2015 Acura TLX Shown in New York

#Acura, #TL

The production version of the 2015 Acura TLX has been revealed at the 2014 New York auto show, and its looks hew closely to the prototype version of the car first shown in Detroit a few months ago. This new midsize luxury sport sedan will replace both the Acura TL and TSX models to give the brand a three-sedan lineup consisting of the compact ILX, the midsize TLX, and the full-size RLX.

Athletic proportions, updated powertrains

This production-spec TLX does tone down some styling aspects seen on the concept, such as that car’s body kit, oversized wheels, and exuberant use of chrome trim. But overall, the 2015 TLX—which goes on sale this fall—retains the show car’s prominent Acura shield grille, “Jewel Eye” LED headlights, rising character line, and stubby rear deck which makes for a relatively athletic stance. In fact, we like the look of the production model more than the TLX prototype due to its cleaner lines and less bulky profile.

With available Super-Handling All-Wheel-Drive and two revised engines, we’re hopeful that this athleticism might extend to the Acura's driving experience as well. The standard powertrain for the Acura TLX is a 2.4-liter, direct-injection four-cylinder that makes 206 hp and mates with a new, in-house-developed eight-speed dual-clutch transmission with a torque converter. It comes only with front-wheel drive. Opting for the 3.5-liter, 290-hp V-6 engine gives you the choice of adding SH-AWD, and all V-6 models come standard with a nine-speed automatic transmission. Sadly, there is no manual transmission option for the TLX—if you want an Acura sedan with three pedals, you’ll need to either snatch up one of the last outgoing TL SH-AWD six-speed models or settle for the smaller Acura ILX 2.4 with the manual transmission.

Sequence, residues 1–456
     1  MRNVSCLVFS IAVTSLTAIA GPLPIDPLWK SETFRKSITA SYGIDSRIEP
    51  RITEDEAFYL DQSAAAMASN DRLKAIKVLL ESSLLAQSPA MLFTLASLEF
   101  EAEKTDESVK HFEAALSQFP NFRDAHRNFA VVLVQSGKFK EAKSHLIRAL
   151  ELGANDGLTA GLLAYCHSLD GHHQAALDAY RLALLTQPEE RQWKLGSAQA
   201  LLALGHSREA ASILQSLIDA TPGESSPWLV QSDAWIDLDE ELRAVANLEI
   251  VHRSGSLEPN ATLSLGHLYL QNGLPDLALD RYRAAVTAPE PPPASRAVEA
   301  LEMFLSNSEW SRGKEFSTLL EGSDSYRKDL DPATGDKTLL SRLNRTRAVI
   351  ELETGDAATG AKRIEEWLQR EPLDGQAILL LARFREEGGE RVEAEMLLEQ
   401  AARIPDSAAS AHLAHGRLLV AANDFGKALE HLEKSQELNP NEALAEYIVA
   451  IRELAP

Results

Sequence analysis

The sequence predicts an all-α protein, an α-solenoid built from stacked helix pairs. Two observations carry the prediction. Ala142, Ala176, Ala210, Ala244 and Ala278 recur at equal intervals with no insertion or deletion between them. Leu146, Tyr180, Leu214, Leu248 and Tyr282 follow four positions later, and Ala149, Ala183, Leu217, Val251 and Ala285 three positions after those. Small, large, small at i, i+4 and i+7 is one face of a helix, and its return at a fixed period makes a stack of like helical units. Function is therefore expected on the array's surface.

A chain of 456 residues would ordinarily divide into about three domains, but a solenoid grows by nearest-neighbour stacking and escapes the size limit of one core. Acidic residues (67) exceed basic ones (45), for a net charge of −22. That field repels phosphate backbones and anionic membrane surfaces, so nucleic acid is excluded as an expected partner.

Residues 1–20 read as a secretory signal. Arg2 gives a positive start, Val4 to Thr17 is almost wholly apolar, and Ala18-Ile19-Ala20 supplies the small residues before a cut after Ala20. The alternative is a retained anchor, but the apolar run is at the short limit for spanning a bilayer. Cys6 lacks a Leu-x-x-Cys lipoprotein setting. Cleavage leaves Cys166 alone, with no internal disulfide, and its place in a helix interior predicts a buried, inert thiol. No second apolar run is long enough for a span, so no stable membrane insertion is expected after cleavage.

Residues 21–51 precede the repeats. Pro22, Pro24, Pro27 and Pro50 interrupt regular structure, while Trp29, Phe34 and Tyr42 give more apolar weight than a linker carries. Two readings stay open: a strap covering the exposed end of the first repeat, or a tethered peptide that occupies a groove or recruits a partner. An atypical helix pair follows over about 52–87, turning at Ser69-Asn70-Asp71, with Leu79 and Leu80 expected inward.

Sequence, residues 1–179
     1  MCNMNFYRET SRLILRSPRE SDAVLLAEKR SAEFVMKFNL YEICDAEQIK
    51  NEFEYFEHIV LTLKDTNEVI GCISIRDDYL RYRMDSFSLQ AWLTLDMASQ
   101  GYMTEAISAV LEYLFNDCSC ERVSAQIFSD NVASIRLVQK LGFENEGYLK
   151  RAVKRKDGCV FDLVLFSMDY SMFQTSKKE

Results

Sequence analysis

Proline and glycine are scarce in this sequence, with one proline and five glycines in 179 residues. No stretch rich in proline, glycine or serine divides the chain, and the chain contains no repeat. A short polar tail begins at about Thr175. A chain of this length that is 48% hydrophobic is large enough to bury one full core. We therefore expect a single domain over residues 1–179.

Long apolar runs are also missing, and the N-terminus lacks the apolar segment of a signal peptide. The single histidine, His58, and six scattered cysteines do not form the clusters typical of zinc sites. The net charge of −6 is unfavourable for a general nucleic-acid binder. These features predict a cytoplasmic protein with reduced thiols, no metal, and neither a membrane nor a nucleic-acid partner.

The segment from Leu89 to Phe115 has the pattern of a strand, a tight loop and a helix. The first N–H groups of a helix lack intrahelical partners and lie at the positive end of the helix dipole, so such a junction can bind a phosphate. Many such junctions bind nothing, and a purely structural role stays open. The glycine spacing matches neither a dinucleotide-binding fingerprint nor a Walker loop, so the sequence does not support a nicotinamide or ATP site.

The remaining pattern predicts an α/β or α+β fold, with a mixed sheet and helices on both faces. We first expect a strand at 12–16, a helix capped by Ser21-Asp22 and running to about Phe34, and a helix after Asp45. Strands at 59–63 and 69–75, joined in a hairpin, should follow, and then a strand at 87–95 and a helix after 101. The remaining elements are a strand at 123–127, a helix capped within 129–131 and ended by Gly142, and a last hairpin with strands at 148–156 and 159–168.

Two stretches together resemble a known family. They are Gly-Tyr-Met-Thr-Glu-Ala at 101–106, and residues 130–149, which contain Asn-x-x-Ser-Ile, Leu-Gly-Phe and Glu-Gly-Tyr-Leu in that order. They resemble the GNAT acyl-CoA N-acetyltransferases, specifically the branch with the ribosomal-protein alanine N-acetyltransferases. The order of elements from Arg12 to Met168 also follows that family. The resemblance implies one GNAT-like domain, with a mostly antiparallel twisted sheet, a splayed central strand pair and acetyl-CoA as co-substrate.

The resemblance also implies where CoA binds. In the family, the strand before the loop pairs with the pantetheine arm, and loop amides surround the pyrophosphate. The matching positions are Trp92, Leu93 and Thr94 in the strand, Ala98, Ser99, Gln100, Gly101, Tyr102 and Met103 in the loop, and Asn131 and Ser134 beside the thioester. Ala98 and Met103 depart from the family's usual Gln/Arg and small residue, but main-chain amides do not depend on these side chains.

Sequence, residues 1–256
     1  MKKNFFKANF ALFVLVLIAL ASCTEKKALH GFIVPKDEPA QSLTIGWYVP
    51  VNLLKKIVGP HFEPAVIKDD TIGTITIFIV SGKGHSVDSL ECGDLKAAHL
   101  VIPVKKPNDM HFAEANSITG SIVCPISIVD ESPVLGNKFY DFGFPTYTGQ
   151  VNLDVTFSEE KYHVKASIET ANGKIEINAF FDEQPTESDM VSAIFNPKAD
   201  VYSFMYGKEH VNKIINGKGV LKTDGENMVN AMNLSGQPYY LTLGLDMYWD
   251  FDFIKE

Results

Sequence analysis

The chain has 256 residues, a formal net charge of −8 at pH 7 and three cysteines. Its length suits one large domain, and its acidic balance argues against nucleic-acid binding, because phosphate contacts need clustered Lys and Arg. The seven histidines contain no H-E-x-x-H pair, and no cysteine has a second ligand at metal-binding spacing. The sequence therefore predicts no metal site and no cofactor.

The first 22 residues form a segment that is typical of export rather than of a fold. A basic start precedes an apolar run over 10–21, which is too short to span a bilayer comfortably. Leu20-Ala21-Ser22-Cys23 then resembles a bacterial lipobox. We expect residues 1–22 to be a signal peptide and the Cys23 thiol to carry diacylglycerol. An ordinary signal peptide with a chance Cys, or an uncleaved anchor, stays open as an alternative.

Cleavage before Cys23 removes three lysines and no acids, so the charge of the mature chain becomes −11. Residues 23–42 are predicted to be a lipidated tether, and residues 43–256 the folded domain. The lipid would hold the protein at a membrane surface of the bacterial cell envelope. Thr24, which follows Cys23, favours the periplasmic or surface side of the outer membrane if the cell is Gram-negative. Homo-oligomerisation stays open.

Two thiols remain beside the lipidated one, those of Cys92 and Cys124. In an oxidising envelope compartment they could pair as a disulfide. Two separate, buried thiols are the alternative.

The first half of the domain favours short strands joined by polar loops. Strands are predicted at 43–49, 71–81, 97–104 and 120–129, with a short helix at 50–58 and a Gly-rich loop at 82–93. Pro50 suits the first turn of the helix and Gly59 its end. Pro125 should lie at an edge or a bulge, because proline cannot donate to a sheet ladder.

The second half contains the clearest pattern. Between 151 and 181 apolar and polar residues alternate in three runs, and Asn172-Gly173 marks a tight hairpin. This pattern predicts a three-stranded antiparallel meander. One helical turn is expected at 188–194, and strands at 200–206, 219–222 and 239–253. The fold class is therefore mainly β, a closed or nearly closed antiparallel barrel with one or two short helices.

Smaller and lighter than the TL

The 2015 Acura TLX retains the same wheelbase as the TL, but is nearly four inches shorter, leading to shorter front and rear overhangs. It’s lighter than the TL, too, and Acura is billing this car as both more agile and more refined than its predecessor. The Precision All-Wheel Steer system from the larger RLX should help back up this claim, as it’s standard on all front-wheel-drive models to make for more neutral handling characteristics. The TLX is still larger than competitors like the BMW 3 Series, Audi A4, and Lexus IS, though, so it will likely provide a more spacious rear seat and trunk area.

With the TLX’s slightly lighter weight also comes an uptick in fuel economy. Acura anticipates EPA ratings of 24/35 mpg (city/highway) for the four-cylinder, 21/34 mpg for the front-wheel-drive V-6, and 21/31 mpg for the V-6 SH-AWD model. Each of these new estimated ratings represent an increase compared with the comparable versions of the outgoing Acura TSX and TL models.

Tons of tech

On the inside of the new TLX, we can see that this sedan closely follows the screen-heavy interior design of recent Acura models like the RLX and MDX. A two-screen infotainment setup is standard, with the lower screen providing a touchscreen interface that operates the larger upper screen in conjunction with the large control knob at the bottom of the center stack. The expected array of smartphone integration features and connectivity functions is included in the AcuraLink system, and available active safety technologies include forward collision warning, adaptive cruise control, blind spot detection, lane departure warning, and a new road departure mitigation system that can use the steering and brakes to correct the vehicle’s line if it senses that the car is about to stray from its lane. Adding to the technologically advanced feel is a pushbutton gear selector for the nine-speed automatic transmission that’s standard on V-6 models.

The three Acura TLX trim levels—TLX, TLX V-6, and TLX V-6 SH-AWD—will be offered with two bundled option packages: the Technology package which is available on all models, and the Advance package which is available only for V-6 models. Expect to see specific pricing for these various trim levels closer to the on-sale date for the 2015 Acura TLX.

In the meantime, check out our photo gallery of the 2015 Acura TLX from its official debut at the 2014 New York auto show.

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Skip the faux chrome interior highlights and it will look more like a luxury car.   And what is it going to take for Acura to offer a beak free version of this car?

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